Antoni wandered, alone, down the streets back to the cathedral. His anger was seeping into the cobble stones and bewilderment rushed in to replace it. What right did Beatriz have to say the things she said? After all, he knew she wasn’t perfect. And yet, it was hard to believe she meant him true harm. After all, if she didn’t care she would have stayed at home. Beatriz had come a long way … for him, and he had let her go, no forced her to leave, that much was clear. He suddenly felt short of breath and leaned against a house to rest.
A little boy and his father hurried by and, seeing Antoni, crossed to the other side of the street. The little boy tugged on his father’s sleeve, “Daddy, we should give him something. Look he’s so tired.”
But the father just shook his head “No, he’ll be fine. Just look, he’s got money in his hand.”
Antoni waved his cane, “Save your money, I’m no bum!” but they were right, he certainly looked like one. Antoni opened his hand, checking to see if he was indeed still holding his change from the meal. There, right in his palm, was a tiny snail shell. It was odd that he hadn’t even felt it. He gazed at the tight spirals of the shell going on and on in constant motion and seamless parallels, the shades of palest pink to brown in glorious ribbons. Beatriz picked them, shelled them everyday, and yet … he remembered with a smile, she loved the shells. She had a small collection by the time he left the town all carefully laid in a box she had lined with felt. He had asked her once how she could bear to look at those things and she had said … he closed his eyes as the memory fell into place.
Beatriz, her long dark hair flowing in the breeze held the shell so gently in the palm of her hand.
“I don’t know why you keep these. You get new ones every day.” Antoni could just see the gulls circling by the beach and was anxious to get there.
“Oh, I see lots, but they are so beautiful. This one; I like the color, and the shape, it’s small and perfect.”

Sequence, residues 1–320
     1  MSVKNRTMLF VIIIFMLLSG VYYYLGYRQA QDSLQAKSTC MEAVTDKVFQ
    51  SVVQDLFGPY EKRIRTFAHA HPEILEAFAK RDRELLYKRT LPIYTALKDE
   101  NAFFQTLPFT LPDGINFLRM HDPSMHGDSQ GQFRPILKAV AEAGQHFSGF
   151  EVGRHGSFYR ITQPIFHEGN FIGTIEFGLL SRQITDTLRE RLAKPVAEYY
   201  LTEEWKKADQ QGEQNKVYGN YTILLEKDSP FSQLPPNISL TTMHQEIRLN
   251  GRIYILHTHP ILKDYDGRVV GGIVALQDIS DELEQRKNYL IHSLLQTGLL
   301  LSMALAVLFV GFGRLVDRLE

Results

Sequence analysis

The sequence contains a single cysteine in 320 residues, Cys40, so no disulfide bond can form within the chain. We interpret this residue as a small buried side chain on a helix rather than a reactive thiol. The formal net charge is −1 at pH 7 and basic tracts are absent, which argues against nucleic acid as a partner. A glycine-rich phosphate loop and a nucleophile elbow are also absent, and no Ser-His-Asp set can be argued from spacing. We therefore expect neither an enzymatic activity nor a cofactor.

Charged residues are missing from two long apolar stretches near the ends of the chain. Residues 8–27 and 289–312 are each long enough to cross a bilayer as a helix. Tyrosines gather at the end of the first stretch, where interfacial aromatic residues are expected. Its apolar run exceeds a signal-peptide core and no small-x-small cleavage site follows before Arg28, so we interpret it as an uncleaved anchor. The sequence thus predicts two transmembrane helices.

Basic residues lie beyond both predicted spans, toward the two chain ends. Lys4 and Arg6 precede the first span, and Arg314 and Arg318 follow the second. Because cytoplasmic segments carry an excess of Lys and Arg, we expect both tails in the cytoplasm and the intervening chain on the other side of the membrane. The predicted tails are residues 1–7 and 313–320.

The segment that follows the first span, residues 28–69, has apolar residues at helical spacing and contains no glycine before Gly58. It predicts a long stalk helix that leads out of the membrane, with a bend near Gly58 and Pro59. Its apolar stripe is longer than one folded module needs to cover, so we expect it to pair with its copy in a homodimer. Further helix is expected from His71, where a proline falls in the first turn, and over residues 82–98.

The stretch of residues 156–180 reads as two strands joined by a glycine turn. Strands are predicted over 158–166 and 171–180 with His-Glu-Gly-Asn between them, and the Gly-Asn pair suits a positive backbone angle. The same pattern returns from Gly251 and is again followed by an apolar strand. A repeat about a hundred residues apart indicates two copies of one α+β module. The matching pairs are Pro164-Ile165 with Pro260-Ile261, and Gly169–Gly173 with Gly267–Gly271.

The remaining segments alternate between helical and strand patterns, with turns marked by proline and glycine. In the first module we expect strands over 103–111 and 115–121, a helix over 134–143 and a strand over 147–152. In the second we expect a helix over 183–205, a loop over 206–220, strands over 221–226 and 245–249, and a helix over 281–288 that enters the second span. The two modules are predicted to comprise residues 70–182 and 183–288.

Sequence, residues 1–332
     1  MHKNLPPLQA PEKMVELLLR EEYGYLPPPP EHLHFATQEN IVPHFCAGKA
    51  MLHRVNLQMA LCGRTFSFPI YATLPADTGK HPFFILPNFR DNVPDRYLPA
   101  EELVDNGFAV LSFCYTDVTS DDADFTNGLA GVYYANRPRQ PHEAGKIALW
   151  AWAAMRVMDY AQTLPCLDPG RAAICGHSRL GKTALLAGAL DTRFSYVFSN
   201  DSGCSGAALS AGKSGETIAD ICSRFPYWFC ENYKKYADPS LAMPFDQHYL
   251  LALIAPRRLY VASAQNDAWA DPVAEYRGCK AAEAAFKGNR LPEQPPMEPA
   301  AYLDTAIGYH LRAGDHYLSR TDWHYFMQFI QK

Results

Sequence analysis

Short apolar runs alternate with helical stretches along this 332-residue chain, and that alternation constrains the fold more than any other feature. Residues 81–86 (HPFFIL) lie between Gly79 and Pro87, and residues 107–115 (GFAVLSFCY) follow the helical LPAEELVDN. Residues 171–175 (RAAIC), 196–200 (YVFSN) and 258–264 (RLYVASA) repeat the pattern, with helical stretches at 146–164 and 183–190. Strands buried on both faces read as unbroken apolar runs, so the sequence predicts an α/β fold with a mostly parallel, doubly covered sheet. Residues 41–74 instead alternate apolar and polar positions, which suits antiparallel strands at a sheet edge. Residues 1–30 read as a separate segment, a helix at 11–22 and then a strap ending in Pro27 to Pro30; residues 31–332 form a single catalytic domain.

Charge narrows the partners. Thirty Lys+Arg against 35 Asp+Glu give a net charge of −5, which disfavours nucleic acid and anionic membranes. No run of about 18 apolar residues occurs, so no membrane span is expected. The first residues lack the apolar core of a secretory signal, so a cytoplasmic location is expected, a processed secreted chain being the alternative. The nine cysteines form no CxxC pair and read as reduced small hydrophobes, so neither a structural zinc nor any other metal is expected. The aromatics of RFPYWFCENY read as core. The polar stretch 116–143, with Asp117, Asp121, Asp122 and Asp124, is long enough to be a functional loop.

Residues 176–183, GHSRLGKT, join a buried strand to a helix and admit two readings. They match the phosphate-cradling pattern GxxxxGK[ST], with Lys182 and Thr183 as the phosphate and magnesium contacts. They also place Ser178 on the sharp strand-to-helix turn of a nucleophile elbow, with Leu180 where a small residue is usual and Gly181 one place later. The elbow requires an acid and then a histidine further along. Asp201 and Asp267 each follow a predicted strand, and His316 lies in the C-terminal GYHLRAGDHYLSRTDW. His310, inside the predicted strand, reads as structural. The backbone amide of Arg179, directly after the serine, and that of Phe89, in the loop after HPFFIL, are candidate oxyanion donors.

“I don’t know. It’s just a shell. It’s alright to look at; I just don’t know why you’d keep it, that’s all.”
“You look,” she said, handing him the shell gently, “you have better eyes for this sort of thing.” Her legs swung back and forth under the bench, “I started collecting them after what the priest said at church…”
Antoni laughed, “He told you to start collecting snail shells?”
“No!” she elbowed him sharply, “of course not! Don’t you remember? He was showing all the kids, you know, us older ones, the symbols painted around the church, ‘this one is the Lamb of God’ and ‘that one is St.Andrew’s cross’…”
“Yes, I think I remember, a little…”
Beatriz laughed, “You were looking at something I bet! Looking again and not really listening. Anyway, he comes to this shell, a snail shell, and a few of the girls were snickering at me again, but he says to us all. ‘Don’t you laugh children, this is an important symbol. It reminds us all of how we get to heaven.’ And one of the boys yelled, you must remember this, ‘Yes, you go round and round!’ But the priest made us all very quiet and whispered ‘No. Our sins died with Jesus on the cross. This shell, in its spiral, reminds us that the stone was rolled away from the tomb. That he was no longer to be found with death. That he brings us to rise again to new life, a life of forgiveness. That is what the shell reminds us all.’”
Antoni gazed at the shell in his hand. It was Beatriz’s precious shell from all those years ago. He remembered. He remembered it all.
The sun was just setting through the panes in Antoni’s workshop as Joan came in the final time.
“I’m sorry Mr.Gaudi, but I really must go home. This is the third time this week I have missed Rosa’s meal and I…”
Antoni held up his hand to stop him but didn’t even look up from his work. Joan sighed and leaned against the wall watching the sun go down through the colors in the window. Finally, Antoni looked up, his eyes shining gleefully; he thrust a long roll of paper into Joan’s arms. “I’ve found it Joan, I’ve found it!”
“What?” Joan looked up from his daze.
“I’ve found the secret to the towers!” Antoni patted the roll urgently, “Now go, quickly, to the foreman. Go, Go!”
Joan didn’t move, he just sighed. “That’s what I have been trying to tell you Mr.Gaudi, the sun is setting, everyone has gone home for the day.”
Antoni threw his hands up into the air, “When do these people work? Never mind, never mind, I must at least show someone. Look here.” He unrolled the drawing for Joan to see.
Joan squinted through the gathering dark, “Yes, most unusual staircase inside the bell towers. What is it? A shell? Very imaginative but, forgive me sir, I’m not sure that I understand.”
Antoni smiled and nodded, “Yes, I had exactly that problem myself.”
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